Elder Americans in their eighties, nineties, and even hundreds, have survived the Holocaust, endured the Great Depression, fought in World War II, lived through the Civil Rights Movement, and endured countless booms and busts. And yet, unlike other parts of the world where elders are respected and revered, so many American elders tend to be lonely and feel irrelevant, without a voice or presence in American culture. The elders need our attention and love—and we need their stories and wisdom. Dave Romanelli is on a journey to meet and listen to the stories of Americans who have seen (and lived) it all! One person he met is a 103-year-old who began driving a horse and buggy, then a Model A Ford, and now a yellow Smart Car, who says, “The first hundred years were the hardest. Everything after that is a breeze.” Another new friend is a ninety-year-old who lost four grandparents, both parents, and three siblings in Auschwitz, and is a reminder to all of us to wake up and be grateful. The elders featured in Life Lessons from the Oldest and Wisest share a mix of history, wisdom, and joie de vivre, which is our most precious resource. Let us cherish it—before it’s too late.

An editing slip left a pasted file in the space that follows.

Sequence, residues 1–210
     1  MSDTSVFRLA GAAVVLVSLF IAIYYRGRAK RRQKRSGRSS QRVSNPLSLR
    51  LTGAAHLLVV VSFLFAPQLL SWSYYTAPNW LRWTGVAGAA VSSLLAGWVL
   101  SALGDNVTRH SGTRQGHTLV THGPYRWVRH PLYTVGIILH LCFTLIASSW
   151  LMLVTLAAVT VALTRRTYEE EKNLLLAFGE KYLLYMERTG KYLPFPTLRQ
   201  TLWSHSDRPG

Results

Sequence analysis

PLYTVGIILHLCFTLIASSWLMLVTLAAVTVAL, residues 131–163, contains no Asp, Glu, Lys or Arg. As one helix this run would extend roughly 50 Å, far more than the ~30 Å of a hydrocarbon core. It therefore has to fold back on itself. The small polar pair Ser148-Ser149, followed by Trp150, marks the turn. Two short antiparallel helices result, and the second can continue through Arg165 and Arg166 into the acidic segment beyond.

In this landmark study by the late pioneer gerontological researcher Dr. B. B. Beard, more than 500 centenarians describe, in their own words, the lives and attitudes that create successful survivors. The 5-part volume is based on the most extensive collection of data on centenarians to date and uses material from 555 case studies that centers on health, education, social status, work, philosophy, romance, and individuality. It contains unexpected findings in the areas of social relationships and social environments.
The authors of Fresh Wisdom show no mercy as they expose and obliterate commonly accepted deceptions and delusions.This controversial manuscript, 30 years in the making, is timely advice for those who realize 'things are not as they seem'. Fresh Wisdom provides powerful principles and strategies for making sense of life in a senseless world, enabling you to find your life purpose. This book is not for the faint-hearted.